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Jing Lyman, activist and wife of former Stanford president, dies at 88

Original post made on Nov 25, 2013

Elizabeth "Jing" Lyman, the "first lady" of Stanford University from 1970 to 1980 and an activist in her own right, died Thursday, Nov. 21, at Channing House in Palo Alto after a two-and-a-half year illness. She was 88.

Read the full story here Web Link posted Friday, November 22, 2013, 5:02 PM

Comments (5)

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Posted by Henrietta J. Burroughs
a resident of Charleston Meadows
on Nov 25, 2013 at 10:52 am

It is so sad to hear that Jing Lyman has died. Through her participation in activities to benefit others, she really practiced the idea, that is attributed to her, about belonging to something bigger than one's self. If what she said is true: "It's participation in something bigger than self that we find self," then she found herself many times over and she came face to face with someone who epitomized the best.


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Posted by Nora Charles
a resident of Stanford
on Nov 25, 2013 at 3:46 pm

What a life beautifully lived! I wish I'd known her.


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Posted by Joy and Herb Kaiser
a resident of Midtown
on Nov 26, 2013 at 9:18 am

The Palo Alto Weekly's obituary conveys a true picture of the Jing Lyman we have known since student days at Swarthmore. Jing was so much and more--a dynamo:fairness and social justice with no boundaries. And almost always with a smile. That was Jing! "Ms. Voluntarism". She knit her way across air-miles and air-miles en route to Board meetings or for site visits and through hours and hours of Board discussions -- and always had the relevant comment or insight. In 1985 when we wanted to start a non-profit to support black South Africans in health care training(MESAB, Jing gave us invaluble advice how to proceed -- and opened doors to potential support.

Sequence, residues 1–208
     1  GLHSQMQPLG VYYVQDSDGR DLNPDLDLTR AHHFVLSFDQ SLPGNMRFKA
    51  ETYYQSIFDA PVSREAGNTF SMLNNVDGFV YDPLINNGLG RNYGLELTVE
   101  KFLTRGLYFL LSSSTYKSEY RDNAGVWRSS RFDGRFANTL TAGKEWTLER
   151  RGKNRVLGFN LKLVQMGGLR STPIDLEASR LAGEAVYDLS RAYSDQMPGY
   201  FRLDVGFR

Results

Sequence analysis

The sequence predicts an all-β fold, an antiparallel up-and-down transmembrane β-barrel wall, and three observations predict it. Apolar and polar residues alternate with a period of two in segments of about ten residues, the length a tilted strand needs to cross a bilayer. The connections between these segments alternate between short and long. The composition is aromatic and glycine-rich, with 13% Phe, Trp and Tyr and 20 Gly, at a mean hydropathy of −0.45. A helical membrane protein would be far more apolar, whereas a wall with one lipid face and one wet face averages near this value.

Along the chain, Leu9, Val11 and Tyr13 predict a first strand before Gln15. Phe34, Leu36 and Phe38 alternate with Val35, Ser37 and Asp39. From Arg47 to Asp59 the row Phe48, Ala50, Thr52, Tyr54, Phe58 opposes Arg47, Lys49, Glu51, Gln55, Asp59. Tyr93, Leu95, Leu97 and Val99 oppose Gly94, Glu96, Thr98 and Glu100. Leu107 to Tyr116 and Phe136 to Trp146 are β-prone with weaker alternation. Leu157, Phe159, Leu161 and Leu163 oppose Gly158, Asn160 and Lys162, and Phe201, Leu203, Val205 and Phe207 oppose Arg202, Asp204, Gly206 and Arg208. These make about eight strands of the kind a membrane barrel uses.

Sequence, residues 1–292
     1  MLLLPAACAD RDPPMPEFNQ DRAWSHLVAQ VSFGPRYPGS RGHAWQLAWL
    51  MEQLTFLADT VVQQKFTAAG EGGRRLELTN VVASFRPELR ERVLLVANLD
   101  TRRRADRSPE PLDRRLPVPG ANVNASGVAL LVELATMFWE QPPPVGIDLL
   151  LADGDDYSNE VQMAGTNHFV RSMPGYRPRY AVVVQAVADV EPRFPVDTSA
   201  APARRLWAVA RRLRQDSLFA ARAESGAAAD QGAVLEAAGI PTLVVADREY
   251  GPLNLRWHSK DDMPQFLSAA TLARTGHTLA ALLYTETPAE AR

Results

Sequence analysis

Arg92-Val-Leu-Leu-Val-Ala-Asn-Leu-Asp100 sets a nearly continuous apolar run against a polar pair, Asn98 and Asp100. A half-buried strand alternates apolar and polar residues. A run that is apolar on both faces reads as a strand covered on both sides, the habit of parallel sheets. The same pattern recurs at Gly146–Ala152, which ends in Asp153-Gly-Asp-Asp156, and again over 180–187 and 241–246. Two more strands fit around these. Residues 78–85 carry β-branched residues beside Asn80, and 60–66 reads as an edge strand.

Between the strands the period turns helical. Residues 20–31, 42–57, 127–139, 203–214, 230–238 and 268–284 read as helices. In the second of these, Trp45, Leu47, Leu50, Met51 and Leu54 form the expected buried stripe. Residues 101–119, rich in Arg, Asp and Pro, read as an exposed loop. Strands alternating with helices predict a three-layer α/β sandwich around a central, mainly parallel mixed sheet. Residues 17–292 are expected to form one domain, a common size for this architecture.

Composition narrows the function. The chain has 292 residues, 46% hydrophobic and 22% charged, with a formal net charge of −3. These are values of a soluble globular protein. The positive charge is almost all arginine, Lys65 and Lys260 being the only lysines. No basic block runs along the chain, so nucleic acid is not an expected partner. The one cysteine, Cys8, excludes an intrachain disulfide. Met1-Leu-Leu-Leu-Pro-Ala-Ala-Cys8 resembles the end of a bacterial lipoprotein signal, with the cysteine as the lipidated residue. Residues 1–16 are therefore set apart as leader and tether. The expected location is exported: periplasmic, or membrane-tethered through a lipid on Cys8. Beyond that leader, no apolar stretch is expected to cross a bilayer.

The world is poorer without Jing.




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Posted by Pat Krackov
a resident of The Greenhouse
on Nov 26, 2013 at 9:22 am

I had the privilege of participating with Jing in the Women of Silicon Valley Donor Circle. She always asked the "hard" questions, and made the rest of us think. She was patient and inclusive, and yes, she was always knitting.

She was quite a woman. What a loss to know she is gone.


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Posted by Edith Eddy
a resident of Midtown
on Nov 27, 2013 at 7:09 pm

As fellow Swarthmore "Quaker Matchbox" couples, Jing and Dick welcomed my husband Jeb and me to Stanford and Palo Alto when we first arrived in 1971. Over the years Jing was friend, mentor, cheerleader and model, and I will be forever grateful for her generous spirit, her enthusiasm and courage, and her abiding interest in other people and their causes. She loved life, fought fiercely for women and girls, and added value to every organization she worked for.


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